One of the world’s largest semiconductor chip manufacturers, Intel is used to being on the top. Now, the American company is swapping things around, by making a bold move on top of their own headquarters in Santa Clara, with the installation of one of the world’s largest arrays of micro-wind turbines.
Intel has installed 58 micro-turbines atop the roof of their headquarters in Santa Clara, California, in what is a two-fold project aiming at providing renewable energy for the building, as well as acting as a proof of concept project, “in which Intel hopes to collect data that will help the company better understand green power and identify ways to continue evolving its sustainability programs.”
Renewable energy is by no means a new stepping stone for Intel, who has a longstanding commitment to environmental sustainability. Earlier this year, the US EPA’s Green Power Partnership recognized Intel for the seventh year in a row as the largest voluntary purchaser of green power in the US, purchasing enough renewable energy certificates to meet 100% of its US electricity use for the year, which amounts to approximately 3.1 billion kWh.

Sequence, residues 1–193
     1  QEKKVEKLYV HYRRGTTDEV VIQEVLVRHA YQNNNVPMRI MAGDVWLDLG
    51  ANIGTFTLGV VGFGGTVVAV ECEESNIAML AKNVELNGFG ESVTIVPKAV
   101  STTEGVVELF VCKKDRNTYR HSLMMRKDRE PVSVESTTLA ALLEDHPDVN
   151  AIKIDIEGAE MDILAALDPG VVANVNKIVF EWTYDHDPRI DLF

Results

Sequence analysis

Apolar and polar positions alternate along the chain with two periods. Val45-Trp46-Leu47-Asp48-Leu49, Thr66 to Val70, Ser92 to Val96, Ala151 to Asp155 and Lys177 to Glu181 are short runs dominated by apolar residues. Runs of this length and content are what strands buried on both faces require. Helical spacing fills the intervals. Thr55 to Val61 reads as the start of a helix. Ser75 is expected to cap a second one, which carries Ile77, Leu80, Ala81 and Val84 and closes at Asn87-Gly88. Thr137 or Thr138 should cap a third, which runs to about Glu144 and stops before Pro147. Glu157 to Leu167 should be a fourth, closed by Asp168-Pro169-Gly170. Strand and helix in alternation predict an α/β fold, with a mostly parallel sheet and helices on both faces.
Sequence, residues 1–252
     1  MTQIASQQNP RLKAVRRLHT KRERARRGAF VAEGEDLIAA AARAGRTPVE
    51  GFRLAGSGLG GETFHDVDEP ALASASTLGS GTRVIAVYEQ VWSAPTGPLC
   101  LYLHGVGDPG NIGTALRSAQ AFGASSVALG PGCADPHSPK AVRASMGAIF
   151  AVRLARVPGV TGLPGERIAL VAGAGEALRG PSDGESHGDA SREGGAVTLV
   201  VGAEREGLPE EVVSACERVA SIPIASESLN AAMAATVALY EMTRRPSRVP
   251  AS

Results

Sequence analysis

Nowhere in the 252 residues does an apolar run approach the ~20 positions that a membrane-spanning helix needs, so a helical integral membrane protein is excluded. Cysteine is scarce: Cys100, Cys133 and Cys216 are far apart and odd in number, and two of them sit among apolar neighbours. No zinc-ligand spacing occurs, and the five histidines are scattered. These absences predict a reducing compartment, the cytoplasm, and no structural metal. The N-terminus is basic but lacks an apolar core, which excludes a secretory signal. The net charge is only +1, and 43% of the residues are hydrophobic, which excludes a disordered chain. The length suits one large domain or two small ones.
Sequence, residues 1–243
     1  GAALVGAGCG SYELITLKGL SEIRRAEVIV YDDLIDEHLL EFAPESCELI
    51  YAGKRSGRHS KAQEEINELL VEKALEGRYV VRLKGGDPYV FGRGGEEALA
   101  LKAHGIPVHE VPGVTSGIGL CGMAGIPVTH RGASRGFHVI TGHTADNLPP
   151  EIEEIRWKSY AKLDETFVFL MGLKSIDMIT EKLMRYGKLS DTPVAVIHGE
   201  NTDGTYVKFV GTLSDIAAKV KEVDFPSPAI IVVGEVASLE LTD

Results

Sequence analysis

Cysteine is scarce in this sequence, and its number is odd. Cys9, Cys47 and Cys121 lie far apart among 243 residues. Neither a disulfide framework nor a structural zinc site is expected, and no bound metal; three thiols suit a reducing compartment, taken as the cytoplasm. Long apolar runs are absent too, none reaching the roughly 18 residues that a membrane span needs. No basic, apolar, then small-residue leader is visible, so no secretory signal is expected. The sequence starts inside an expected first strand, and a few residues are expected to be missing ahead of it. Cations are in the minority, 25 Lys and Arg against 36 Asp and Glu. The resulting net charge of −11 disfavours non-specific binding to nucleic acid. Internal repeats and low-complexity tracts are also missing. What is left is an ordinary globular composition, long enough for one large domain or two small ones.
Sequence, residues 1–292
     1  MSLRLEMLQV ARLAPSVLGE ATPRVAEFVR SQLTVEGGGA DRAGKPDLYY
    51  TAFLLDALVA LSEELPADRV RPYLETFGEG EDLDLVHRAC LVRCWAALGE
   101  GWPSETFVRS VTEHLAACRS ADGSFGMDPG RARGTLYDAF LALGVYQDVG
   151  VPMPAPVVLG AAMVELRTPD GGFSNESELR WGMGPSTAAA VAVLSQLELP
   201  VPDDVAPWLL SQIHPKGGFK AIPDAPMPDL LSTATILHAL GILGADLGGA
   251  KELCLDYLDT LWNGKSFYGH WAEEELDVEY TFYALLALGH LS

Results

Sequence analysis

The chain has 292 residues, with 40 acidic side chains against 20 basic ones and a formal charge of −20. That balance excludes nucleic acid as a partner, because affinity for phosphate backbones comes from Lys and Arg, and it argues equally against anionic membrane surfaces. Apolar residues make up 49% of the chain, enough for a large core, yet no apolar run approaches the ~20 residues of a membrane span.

More than that, however, Intel is also backing renewable energy projects, partnering with third parties to complete 21 separate solar installations across 12 Intel campuses, generating more than 12 million kWh per year of clean solar energy.
Maybe most importantly is the LEED Certifications that Intel can boast of, accruing the Leadership in Energy and Environmental Design (LEED) certification for more than 40 new and existing buildings across nine countries.
Intel’s new micro-turbine project, therefore, is just another in a long line of such projects that Intel hopes will keep them at the front line of sustainable manufacturing and business.
“Based on average local wind speed, we expect the micro-turbines to generate power about 65% of the time, most likely during the often-breezy afternoon hours,” said Marty Sedler, the Director of Global Utilities & Infrastructure for Intel Corporation. “The micro-turbines are JLM Energy “Zefr” model, a small and efficient unit that offers ease of application, making them very versatile.”
Image Credit: via Intel
Have a tip for CleanTechnica? Want to advertise? Want to suggest a guest for our CleanTech Talk podcast? Contact us here.
CleanTechnica Holiday Wish Book
Our Latest EVObsession Video
CleanTechnica uses affiliate links. See our policy here.